Subsidised schemes that provide a low-cost foot on the home ownership ladder for key public sector workers and others are being rapidly outstripped by demand. In Greater London, where the problem is more acute for teachers nurses and social care staff, some 41,000 applications were received in the last year from a whole range of eligible applicants, but the number of low-cost home ownership properties funded by the Housing Corporation was 1,300.Research by the Joseph Rowntree Foundation has revealed that demand for low-cost home ownership is particularly strong in areas where market prices are high. This includes schemes such as ‘Homebuy’, where would-be owners are helped to purchase properties with a subsidised loan, and ‘shared ownership’, where homes are part-purchased and part-rented.
The Foundation in its report ‘Swamps and alligators: The future for low-cost home ownership’ is critical of local authority decision-makers who it claims often fail to recognise the benefits of making shared ownership, and other low-cost schemes part of the mix when considering new housing developments in their area. By focusing on the immediate requirement for rent-only accommodation among households on their waiting lists, they neglect the strategic need to create sustainable, mixed-income communities.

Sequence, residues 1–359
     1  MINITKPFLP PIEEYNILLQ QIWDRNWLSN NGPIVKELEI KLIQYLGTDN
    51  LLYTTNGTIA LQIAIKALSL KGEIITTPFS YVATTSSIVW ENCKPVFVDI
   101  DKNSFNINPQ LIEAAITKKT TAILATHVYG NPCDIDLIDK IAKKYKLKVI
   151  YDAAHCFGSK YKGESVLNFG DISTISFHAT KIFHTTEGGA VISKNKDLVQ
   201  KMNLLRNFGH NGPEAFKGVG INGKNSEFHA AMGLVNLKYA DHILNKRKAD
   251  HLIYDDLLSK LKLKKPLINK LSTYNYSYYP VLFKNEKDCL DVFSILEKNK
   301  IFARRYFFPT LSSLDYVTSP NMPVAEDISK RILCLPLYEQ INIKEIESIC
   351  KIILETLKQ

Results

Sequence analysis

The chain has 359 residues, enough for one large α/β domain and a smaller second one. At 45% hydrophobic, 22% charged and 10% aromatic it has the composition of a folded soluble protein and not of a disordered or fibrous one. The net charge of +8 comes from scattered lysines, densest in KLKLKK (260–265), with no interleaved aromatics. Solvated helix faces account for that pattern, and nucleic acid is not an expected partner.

The findings of the report have been presented to the Minister for Housing, together with a call for the Government to send a clear message to local authorities, stressing their responsibility to meet the housing aspirations and needs of the wider community. The Foundation is also urging the Housing Corporation to ensure that all housing associations include low-cost home ownership schemes as part of their publicly-subsidised developments.